The structure of your business intelligence platform is important, but so is the structure of your business organization. Your staff, stakeholders, and processes should all be aligned with your company’s CX goals.
When a customer-centric approach permeates your business DNA, even your human resources department — which typically has no customer contact — can benefit. Giving HR staff access to your business intelligence platform helps them better understand the needs of your customers. This knowledge, in turn, can help them make better decisions as to how they recruit, reward, and retain employees.
For your business to succeed, every employee at every level needs to adopt a customer-centric focus. When all roles heed the voice of the customer, you’ll increase operational efficiencies and decrease the effort required to deliver a phenomenal CX experience.
It’s far easier for marketing and sales to set customer experience goals than it is for IT or HR departments. This handicap can be addressed by assigning one person in every department to bear primary responsibility for instilling CX goals into its operations. Over time, customer-centric thinking will come naturally to everyone.
4. Measurable Goals to Determine CX Success
Every strategy for your business should have not only a corresponding goal, but a measurable one. Implementing a high-quality CX is no exception.
There are five categories of metrics you can use to measure success using data collected and analyzed by your business intelligence platform:
1. Customer satisfaction
2. Customer loyalty, retention, and churn
3. Advocacy, reputation, and brand
4. Product quality
5. Employee engagement
Focusing on the preceding three CX factors should provide the information you need to implement these five metrics. If your business intelligence platform is not collecting and analyzing data to measure these metrics, it’s time to upgrade.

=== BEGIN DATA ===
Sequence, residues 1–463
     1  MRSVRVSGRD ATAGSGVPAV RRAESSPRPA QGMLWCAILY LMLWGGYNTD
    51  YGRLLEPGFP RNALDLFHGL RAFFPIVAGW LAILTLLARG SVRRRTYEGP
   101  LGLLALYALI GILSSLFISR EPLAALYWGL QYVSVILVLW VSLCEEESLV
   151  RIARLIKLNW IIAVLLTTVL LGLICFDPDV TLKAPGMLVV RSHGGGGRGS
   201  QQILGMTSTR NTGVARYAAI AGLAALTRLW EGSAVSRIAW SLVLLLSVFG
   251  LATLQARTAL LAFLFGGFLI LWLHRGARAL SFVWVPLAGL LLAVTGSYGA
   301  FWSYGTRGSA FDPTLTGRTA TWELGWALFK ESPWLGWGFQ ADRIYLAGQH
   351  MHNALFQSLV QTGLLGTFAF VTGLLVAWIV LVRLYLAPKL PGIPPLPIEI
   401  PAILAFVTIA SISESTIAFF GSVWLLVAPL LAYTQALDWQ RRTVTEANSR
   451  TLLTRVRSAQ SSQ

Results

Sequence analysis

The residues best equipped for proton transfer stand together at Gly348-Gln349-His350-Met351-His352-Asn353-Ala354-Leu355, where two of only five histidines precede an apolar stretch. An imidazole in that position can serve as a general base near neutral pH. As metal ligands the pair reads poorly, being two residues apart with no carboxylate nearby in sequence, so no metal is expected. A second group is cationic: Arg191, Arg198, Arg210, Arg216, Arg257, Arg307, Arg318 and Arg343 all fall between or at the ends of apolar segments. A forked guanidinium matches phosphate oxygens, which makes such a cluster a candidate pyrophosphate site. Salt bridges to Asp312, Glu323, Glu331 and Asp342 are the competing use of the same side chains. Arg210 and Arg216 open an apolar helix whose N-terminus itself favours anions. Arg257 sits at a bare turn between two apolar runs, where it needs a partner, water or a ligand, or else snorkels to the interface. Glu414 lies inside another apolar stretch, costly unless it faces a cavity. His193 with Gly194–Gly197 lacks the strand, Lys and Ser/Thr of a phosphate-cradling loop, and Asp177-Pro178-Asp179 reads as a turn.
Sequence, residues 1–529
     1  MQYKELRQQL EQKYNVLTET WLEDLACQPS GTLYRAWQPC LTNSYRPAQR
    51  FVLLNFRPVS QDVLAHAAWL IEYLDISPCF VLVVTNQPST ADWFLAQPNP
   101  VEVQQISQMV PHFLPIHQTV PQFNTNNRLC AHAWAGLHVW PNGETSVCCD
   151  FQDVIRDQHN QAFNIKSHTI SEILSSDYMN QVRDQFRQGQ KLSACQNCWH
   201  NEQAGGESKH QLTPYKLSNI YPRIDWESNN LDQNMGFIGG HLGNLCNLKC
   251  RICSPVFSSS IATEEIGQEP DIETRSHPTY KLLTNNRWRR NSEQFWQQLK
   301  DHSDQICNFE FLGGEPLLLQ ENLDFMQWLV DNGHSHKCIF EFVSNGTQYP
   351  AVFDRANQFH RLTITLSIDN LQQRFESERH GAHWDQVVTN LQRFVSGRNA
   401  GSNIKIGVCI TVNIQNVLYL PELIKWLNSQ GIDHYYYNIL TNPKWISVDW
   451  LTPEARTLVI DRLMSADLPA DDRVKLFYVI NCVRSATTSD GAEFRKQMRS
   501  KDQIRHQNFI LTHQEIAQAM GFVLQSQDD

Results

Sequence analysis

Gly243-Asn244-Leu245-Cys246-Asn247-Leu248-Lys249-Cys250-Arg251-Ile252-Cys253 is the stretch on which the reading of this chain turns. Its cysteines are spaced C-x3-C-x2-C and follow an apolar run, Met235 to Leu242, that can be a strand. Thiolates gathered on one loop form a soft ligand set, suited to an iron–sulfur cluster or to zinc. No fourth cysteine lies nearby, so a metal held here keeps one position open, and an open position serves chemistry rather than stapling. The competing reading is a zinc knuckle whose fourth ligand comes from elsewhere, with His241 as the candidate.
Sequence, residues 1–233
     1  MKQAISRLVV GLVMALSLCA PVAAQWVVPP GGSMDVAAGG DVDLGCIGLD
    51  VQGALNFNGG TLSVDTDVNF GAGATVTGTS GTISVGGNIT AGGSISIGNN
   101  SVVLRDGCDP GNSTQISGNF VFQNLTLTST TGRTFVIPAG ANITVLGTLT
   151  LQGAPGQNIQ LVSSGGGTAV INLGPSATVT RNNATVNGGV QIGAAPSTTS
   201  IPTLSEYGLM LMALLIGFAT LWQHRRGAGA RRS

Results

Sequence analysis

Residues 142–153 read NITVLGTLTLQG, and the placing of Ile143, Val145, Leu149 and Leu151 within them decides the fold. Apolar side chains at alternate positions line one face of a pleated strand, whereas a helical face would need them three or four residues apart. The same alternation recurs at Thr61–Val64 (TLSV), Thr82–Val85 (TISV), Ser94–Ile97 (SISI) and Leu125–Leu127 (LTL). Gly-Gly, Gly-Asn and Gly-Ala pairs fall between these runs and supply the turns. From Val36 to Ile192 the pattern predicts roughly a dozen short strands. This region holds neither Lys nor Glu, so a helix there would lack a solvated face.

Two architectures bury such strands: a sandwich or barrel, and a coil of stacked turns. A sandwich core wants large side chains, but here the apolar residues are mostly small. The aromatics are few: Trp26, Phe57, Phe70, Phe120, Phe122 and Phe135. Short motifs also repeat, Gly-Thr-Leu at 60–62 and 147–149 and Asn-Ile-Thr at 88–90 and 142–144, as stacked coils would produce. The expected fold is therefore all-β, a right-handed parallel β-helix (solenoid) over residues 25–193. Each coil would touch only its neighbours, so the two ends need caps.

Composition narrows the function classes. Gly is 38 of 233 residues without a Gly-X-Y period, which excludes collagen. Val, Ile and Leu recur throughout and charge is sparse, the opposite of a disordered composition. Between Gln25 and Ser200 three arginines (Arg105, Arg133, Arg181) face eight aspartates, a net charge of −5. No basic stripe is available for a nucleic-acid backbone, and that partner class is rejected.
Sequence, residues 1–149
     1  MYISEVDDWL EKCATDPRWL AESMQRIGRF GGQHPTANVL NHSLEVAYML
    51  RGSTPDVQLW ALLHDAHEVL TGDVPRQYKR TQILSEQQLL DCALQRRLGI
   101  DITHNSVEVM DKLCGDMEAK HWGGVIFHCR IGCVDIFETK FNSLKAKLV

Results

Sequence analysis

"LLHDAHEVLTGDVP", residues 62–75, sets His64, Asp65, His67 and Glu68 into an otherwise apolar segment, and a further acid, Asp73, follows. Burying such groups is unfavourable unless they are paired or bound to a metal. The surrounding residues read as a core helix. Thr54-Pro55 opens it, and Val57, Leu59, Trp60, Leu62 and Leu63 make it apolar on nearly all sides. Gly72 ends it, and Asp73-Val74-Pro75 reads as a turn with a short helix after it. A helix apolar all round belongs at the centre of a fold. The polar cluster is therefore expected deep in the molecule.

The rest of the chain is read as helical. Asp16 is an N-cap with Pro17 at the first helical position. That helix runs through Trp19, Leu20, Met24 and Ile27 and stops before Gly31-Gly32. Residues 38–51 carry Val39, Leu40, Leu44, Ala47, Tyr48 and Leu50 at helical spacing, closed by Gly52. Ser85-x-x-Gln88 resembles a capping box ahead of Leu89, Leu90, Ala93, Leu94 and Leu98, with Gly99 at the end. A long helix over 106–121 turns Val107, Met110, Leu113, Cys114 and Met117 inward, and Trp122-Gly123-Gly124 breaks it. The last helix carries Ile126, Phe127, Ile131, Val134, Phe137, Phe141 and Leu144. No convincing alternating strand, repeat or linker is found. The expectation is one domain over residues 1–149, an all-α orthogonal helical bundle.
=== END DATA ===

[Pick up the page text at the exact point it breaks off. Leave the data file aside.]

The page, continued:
Customer surveys, product reviews, social media likes/follows/comments, tracking of interactions, product performance, and sales are all relevant data. But gathering data is pointless unless it is analyzed and applied to strategies. Decision makers at all levels need access to CX information and strong encouragement to use it routinely.
5. Universal CX
One of the most obvious yet overlooked CX insights is the fact that we are all consumers who appreciate a remarkable customer experience. Think about a product or service you purchased recently. What was your experience? Ask yourself a few questions:
– How satisfied was I with the product?
– What channels has the company used to communicate with me?
– What channels have I used to talk about the product?
– What messaging attracted me to the product?
– What research did I do before I chose it?
– Am I thinking about buying a similar or related product from another company?
– How did I get my questions answered about the product?
– Would I buy a product from the same company again?
This list of questions could go on, but you get the idea. The customers who interact with our company want the same things we do. They are not exotic. They are us.
Apply what you look for in a customer experience to your company’s strategy. Pay special attention to the “best practices” of other companies that delighted you. Viewing your own CX performance through the eyes of a consumer really isn’t that difficult.
Creating a remarkable CX involves a lot of moving parts. Make sure you don’t overlook key factors that can make or break your delivery. If everything you do is customer-centric, your company can’t help but provide a good customer experience. You’ll also have happier employees, and that, too, will bring customers back again and again.
Image credit: Pixabay; VinzentWeinbeer